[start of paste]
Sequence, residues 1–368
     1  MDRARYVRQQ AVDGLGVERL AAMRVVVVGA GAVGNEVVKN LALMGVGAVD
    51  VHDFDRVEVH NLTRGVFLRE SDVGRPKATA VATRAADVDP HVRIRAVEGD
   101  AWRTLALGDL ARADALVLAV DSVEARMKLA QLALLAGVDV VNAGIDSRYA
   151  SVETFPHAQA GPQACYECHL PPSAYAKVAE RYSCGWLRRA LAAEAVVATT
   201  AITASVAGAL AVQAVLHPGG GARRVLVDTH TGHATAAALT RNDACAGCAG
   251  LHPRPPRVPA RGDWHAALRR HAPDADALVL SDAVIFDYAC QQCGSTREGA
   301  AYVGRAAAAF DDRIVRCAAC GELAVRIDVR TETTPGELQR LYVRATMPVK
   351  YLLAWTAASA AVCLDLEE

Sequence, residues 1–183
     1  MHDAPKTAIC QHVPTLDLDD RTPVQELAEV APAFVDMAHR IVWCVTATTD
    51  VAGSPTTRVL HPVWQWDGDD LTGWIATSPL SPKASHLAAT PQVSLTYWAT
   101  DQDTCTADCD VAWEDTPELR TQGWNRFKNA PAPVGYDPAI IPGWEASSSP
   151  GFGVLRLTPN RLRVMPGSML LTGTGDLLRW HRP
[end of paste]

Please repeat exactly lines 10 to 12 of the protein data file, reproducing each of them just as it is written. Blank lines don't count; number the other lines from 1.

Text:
Sequence, residues 1–183
     1  MHDAPKTAIC QHVPTLDLDD RTPVQELAEV APAFVDMAHR IVWCVTATTD
    51  VAGSPTTRVL HPVWQWDGDD LTGWIATSPL SPKASHLAAT PQVSLTYWAT